Minnesota's Denard Walker, right, picks off a pass by Detroit's Joey Harrington in the end zone in the game's final minute, one of three interceptions for the Vikings.
DETROIT - The last quarterback to lead the Detroit Lions into postseason play became the latest to light them up yesterday at Ford Field.
Gus Frer-otte, pressed into action by an injury to Minnesota starter Daunte Culpepper, threw for 184 yards in a little more than one half and engineered a pair of scoring drives as the Vikings handled the Lions 23-13.
Frerotte was a Lion in 1999 and had an impressive year, starting six times in place of injury-plagued starter Charlie Batch. When Detroit made its most recent playoff appearance at Washington that season, Frerotte threw for 251 yards in a losing cause.
He witnessed another losing cause by the Lions yesterday, but enjoyed it more.
“Luckily, I had a couple big throws today that helped us and the rest of the time I just tried to play smart and not do anything to hurt the team,” Frerotte said.
Culpepper completed seven passes for 105 yards, but did most of his damage on the ground, running for a pair of touchdowns as the Vikings fought out of an early 10-0 hole.
His TD runs of 14 yards on a draw play and of two yards after a nice fake to running back Moe Williams gave the Vikings a 13-10 lead. But the second one came at the expense of a hard hit and a back contusion that ended his day.
Enter Frerotte, who left the ground game to others and burned Detroit through the air.
He hooked up with Randy Moss - being covered lazily by cornerback Andre Goodman - for a 72-yard play that covered about 60 yards in the air and set up a field goal just seconds before halftime for a 16-10 Minnesota lead.
Perhaps figuring one 72-yarder wasn't enough, Frerotte produced a long touchdown pass to Kelly Campbell, who blew past Otis Smith, to make it 23-13 midway through the third quarter.
“With our receivers, as fast as they run, we just have to let it rip,” Frerotte said.
And with Detroit's offense just treading water, a little ripping was all the Vikings (3-0, all against NFC North opponents) needed.
“We gave up too many big plays,” said Lions coach Steve Mariucci. “If we're not scoring more than 13 points, giving up big plays is a problem. They made 'em, we didn't.”
The Vikings had five plays that added up to 256 of their 414 net yards. Detroit, which managed one play of 20-plus yards, finished with 302 yards, more than one-third of which came during the first quarter en route to a 10-0 lead.
Detroit quarterback Joey Harrington, right, is forced to scramble as Minnesota defensive end Kenny Mixon gives chase.
A 15-yard scramble by quarterback Joey Harrington set up a five-yard TD run by Shawn Bryson to cap the game's opening possession. The Lions added a field goal later in the quarter after a 26-yard punt return by Eddie Drummond set Detroit up at the Vikings' 24 yard line.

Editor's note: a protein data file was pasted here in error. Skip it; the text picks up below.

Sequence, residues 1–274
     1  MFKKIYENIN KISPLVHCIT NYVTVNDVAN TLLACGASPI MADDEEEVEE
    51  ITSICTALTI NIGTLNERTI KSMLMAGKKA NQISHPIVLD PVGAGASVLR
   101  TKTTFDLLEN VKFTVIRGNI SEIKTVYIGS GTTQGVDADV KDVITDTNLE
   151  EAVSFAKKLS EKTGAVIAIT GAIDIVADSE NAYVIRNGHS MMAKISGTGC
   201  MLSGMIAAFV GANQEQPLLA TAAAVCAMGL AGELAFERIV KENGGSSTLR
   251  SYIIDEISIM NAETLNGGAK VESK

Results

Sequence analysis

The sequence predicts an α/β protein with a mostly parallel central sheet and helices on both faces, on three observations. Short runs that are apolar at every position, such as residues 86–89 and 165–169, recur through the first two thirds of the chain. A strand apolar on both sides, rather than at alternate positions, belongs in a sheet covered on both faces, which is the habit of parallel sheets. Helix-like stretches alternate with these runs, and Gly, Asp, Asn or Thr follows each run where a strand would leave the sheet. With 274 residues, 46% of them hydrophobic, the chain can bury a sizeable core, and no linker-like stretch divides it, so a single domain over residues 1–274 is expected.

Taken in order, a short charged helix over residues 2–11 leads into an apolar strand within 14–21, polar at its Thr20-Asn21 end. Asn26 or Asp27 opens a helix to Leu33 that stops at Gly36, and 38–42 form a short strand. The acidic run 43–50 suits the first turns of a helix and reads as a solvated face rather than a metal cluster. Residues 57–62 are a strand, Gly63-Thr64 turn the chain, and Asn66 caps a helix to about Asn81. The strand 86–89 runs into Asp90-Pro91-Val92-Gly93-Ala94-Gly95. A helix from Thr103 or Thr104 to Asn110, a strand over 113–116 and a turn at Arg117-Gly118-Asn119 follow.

“I liked the way we started the game,” Mariucci said. “It was 10-0 and I thought we could have extended that if we'd made a few plays. Instead, we were just off by a couple feet on some things.”
After Culpepper's first scoring run made it 10-6, Harrington threw poorly to fullback Cory Schlesinger who was all alone down the left sideline and might have scored. The pass was completed, but Schlesinger had to twist to pull it in and stepped out of bounds.
On two other occasions, Harrington missed Az-Zahir Hakim on a hitch-and-go that would have produced points and overthrew an open Charles Rogers badly. Although he completed 24 of 42 passes for 235 yards, Harrington was intercepted three times, once inside the Minnesota 5 and twice in the end zone.
Since throwing for four touchdowns in a season-opening win against Arizona, Harrington has been held without a TD pass and has been picked off six times in losses to Green Bay and Minnesota.
“Sometimes you're hitting and sometimes you're not,” Harrington said. “I made a couple bad decisions. I forced one in the end zone. I needed to have more zip on another one down the middle.
“We had a couple penalties at bad points in drives and I followed with some bad decisions. Those things add up.”
The Lions had a couple late chances, failing to score after having a first-and-goal at the Vikings 1 with 1:50 to play. Detroit got a late possession, but Harrington was picked off in the end zone on something of a desperation pass with less than 20 seconds remaining.
On the next-to-last possession with his team down 10, Mariucci elected to go for the TD on fourth down instead of kicking a field goal and trying to recover an onside kick.
“We had to score twice and, given the location on the field, I thought it might have been difficult to get that close again,” he said. “If we get the touchdown, then onside kick and recover, we don't have to go very far for the field goal.”
Sound logic, perhaps, by a coach who has seen his team score a total of 19 points in the last two weeks.